The United States has been a world leader in artificial intelligence (AI) development and implementation, but it has lagged behind in regulating the technology. This is beginning to change; however, as American lawmakers have started to take notice of the potential risks posed by AI and are working on ways to address them.
One of the most prominent examples of AI regulation in the US is the Algorithmic Accountability Act, introduced by Senators Cory Booker and Brian Schatz in 2018. The bill would require companies to conduct audits of their algorithms to identify bias and discriminatory effects and to provide remedies for any such problems. The bill has received support from a number of tech companies and civil rights organizations, but it has yet to be passed by Congress.
In addition to the Algorithmic Accountability Act, there are a number of other legislative initiatives dealing with AI regulation in the US. For example, the Federal Trade Commission has begun investigating companies that use AI in their business practices, and Congress is considering a number of bills that would address issues such as facial recognition technology and “killer robots”.
As AI becomes increasingly prevalent in society, it is likely that regulation of the technology will continue to be a hot-button issue in the US. American lawmakers will need to strike a balance between protecting the public from the potential risks posed by AI and ensuring that the country remains a leader in the development and implementation of the technology.
In North and Central America, AI legislation is still in its early stages. The US has yet to pass any dedicated laws on the regulation of artificial intelligence, though a number of bills have been introduced in Congress. In contrast, Canada has taken a more proactive approach, passing the world’s first national AI strategy in 2017. This strategy includes a CA$125 million (US$93.6 million) investment in AI research and development, as well as a number of ethical principles for the use of AI.
In South America, Brazil has been at the forefront of AI regulation, with a dedicated law on the subject passed in 2018. This law requires all companies using AI to disclose their algorithms and give individuals the right to information about how they are being used. Chile has also taken steps to regulate AI, with a new law passed in 2019 that requires all companies using AI to register with the country’s data protection authority.
The regulation of artificial intelligence is a complex and ever-evolving area. As more countries around the world take steps to control the development and use of AI, it is likely that we will see a patchwork of different approaches emerge.
Overview of Legislation in America
The United States has been a world leader in AI research and development for many years. However, the country has only recently begun to seriously consider the implications of AI technology on society and the economy. Currently, there is no comprehensive federal AI law or regulations in America. Instead, AI policy is largely developed at the state and local levels.
One of the most significant pieces of AI legislation in the United States is the Algorithmic Accountability Act, introduced in Congress in 2019. If enacted, this law would require companies to conduct impact assessments of their automated decision-making systems. The assessments would need to consider factors such as fairness, accuracy, and bias. Companies would also be required to make their assessment results available to the public.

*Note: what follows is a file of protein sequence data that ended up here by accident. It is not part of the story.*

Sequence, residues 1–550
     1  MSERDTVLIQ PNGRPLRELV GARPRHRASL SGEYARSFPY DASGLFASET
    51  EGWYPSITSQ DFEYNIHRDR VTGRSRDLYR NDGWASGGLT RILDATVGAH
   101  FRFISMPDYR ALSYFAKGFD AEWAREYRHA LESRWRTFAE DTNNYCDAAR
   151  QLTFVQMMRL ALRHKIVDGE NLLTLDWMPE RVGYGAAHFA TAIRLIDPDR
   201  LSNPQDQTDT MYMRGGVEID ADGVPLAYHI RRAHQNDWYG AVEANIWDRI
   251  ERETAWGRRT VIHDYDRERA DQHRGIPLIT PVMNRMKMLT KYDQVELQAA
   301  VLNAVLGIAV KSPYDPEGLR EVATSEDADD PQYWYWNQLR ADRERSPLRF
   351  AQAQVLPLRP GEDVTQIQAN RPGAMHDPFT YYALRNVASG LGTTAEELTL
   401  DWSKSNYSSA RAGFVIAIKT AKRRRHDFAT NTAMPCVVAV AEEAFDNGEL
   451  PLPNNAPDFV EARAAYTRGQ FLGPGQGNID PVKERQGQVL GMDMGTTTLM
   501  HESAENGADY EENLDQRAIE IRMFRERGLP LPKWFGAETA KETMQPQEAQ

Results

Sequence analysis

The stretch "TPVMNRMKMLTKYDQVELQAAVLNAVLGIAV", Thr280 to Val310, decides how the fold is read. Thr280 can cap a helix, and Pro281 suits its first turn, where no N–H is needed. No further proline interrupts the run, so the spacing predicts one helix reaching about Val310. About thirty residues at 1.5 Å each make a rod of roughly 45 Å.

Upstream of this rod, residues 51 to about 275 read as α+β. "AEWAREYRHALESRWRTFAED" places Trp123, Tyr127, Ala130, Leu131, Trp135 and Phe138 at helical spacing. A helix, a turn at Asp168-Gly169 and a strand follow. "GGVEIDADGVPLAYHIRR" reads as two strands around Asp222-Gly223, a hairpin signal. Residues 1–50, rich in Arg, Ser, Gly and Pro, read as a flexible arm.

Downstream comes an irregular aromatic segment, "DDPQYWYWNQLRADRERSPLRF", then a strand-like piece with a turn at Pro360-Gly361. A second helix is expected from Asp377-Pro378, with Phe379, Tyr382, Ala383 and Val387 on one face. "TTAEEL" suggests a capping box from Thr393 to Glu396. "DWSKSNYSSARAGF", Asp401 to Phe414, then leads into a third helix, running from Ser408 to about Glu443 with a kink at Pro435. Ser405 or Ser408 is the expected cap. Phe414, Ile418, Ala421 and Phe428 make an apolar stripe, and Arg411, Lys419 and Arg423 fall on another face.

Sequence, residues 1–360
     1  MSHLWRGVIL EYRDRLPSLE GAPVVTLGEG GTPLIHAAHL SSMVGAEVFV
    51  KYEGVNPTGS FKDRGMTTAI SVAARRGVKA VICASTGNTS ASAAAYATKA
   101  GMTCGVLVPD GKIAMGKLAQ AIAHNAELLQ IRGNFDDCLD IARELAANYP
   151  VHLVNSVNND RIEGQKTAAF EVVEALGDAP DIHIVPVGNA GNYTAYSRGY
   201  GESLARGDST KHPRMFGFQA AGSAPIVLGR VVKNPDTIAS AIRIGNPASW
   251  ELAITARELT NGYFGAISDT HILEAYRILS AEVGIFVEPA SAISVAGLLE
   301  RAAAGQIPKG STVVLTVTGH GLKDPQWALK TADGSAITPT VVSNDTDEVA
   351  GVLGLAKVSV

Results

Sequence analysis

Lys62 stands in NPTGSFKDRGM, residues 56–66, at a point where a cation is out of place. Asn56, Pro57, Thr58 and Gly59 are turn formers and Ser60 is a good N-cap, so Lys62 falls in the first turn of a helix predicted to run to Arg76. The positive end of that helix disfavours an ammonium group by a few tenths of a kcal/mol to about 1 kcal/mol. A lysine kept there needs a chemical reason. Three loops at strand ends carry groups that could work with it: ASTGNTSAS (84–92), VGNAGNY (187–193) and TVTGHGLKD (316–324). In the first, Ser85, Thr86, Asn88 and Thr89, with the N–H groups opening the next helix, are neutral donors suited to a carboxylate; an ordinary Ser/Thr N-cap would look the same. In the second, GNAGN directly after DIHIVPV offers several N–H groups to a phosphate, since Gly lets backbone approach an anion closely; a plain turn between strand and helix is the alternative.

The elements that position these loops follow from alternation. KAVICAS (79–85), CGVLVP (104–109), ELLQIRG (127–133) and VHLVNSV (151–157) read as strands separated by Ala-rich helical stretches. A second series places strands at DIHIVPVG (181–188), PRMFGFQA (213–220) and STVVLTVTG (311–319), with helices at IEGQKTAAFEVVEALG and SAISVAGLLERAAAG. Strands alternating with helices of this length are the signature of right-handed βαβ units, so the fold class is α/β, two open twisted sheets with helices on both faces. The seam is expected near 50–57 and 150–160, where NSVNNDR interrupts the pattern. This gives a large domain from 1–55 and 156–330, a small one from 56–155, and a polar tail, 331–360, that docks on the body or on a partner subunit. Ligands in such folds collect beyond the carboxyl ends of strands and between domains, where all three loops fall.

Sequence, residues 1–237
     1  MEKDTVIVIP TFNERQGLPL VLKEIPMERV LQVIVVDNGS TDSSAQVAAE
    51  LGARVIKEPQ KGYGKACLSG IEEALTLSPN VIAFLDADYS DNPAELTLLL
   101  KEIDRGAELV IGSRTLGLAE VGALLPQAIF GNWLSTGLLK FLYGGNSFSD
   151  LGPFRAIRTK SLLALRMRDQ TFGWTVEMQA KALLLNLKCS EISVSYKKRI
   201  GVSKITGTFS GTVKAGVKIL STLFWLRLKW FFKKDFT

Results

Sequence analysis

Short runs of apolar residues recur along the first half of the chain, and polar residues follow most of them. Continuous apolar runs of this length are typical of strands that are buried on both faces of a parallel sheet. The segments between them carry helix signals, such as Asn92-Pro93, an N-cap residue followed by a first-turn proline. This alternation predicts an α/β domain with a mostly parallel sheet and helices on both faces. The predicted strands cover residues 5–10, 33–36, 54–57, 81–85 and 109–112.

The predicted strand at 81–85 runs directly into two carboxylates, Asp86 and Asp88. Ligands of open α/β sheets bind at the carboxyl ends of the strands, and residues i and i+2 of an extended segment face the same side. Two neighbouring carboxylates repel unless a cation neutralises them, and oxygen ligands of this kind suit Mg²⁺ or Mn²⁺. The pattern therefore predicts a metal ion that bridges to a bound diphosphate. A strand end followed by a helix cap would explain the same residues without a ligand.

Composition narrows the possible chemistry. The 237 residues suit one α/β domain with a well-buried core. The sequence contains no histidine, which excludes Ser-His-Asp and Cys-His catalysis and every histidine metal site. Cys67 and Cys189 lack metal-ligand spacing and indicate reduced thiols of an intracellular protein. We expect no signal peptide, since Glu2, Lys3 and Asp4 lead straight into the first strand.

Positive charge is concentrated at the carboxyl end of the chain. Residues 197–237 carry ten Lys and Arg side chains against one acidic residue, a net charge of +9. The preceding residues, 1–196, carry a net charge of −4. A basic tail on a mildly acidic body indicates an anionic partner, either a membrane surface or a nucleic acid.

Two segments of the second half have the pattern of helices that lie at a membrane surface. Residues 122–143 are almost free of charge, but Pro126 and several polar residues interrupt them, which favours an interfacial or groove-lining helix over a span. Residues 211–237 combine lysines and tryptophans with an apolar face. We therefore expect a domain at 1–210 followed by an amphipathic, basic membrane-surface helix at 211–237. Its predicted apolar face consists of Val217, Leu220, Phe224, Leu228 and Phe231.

Several states have also enacted or are considering AI legislation. For example, in 2018, California passed the Artificial Intelligence Privacy Act, which requires companies to disclose information about the use of AI on customers’ personal data. And in 2019, New York City passed a law that prohibits landlords from using predictive analytics to screen tenants.
As AI technology continues to develop and its impact on society becomes more apparent, it is likely that federal, state, and local lawmakers will continue to debate and pass AI legislation.
AI Legislation in North America
In North America, artificial intelligence (AI) legislation is still in its early stages. However, lawmakers in the United States and Canada are beginning to introduce bills and regulations that would address issues related to AI development and implementation.
In the United States, federal AI legislation has been introduced in both the House of Representatives and the Senate. The House bill, the Artificial Intelligence Initiative Act, would establish a national AI strategy and create a new Office of Artificial Intelligence within the National Science Foundation. The Senate bill, the FUTURE of AI Act, would create a Federal Coordinating Council on Artificial Intelligence and direct the National Science and Technology Council to develop a national strategic plan for AI research and development.
In Canada, the government has established an expert panel to provide advice on the development of a national AI strategy. The panel’s report, released in March 2017, made several recommendations, including the creation of a pan-Canadian AI research network and the establishment of ethical guidelines for AI development.
At the state and provincial levels, AI legislation has been introduced in a number of jurisdictions. In 2016, the state of Illinois passed the Illinois Right to Know Act, which requires companies to disclose when they are using automated decision-making systems and gives individuals the right to know why they have been denied a job or loan. A number of other states, including California, New York, and Washington, are considering similar legislation.
In Canada, the province of Ontario has passed the Ontario AI Strategy Act, which requires the government to develop a plan for the development and implementation of AI in the province. The act also establishes an Expert Panel on Artificial Intelligence, which will provide advice on ethical and policy issues related to AI development.
As AI technology continues to evolve, it is likely that more legislation will be introduced in North America and around the world to address issues related to its development and implementation.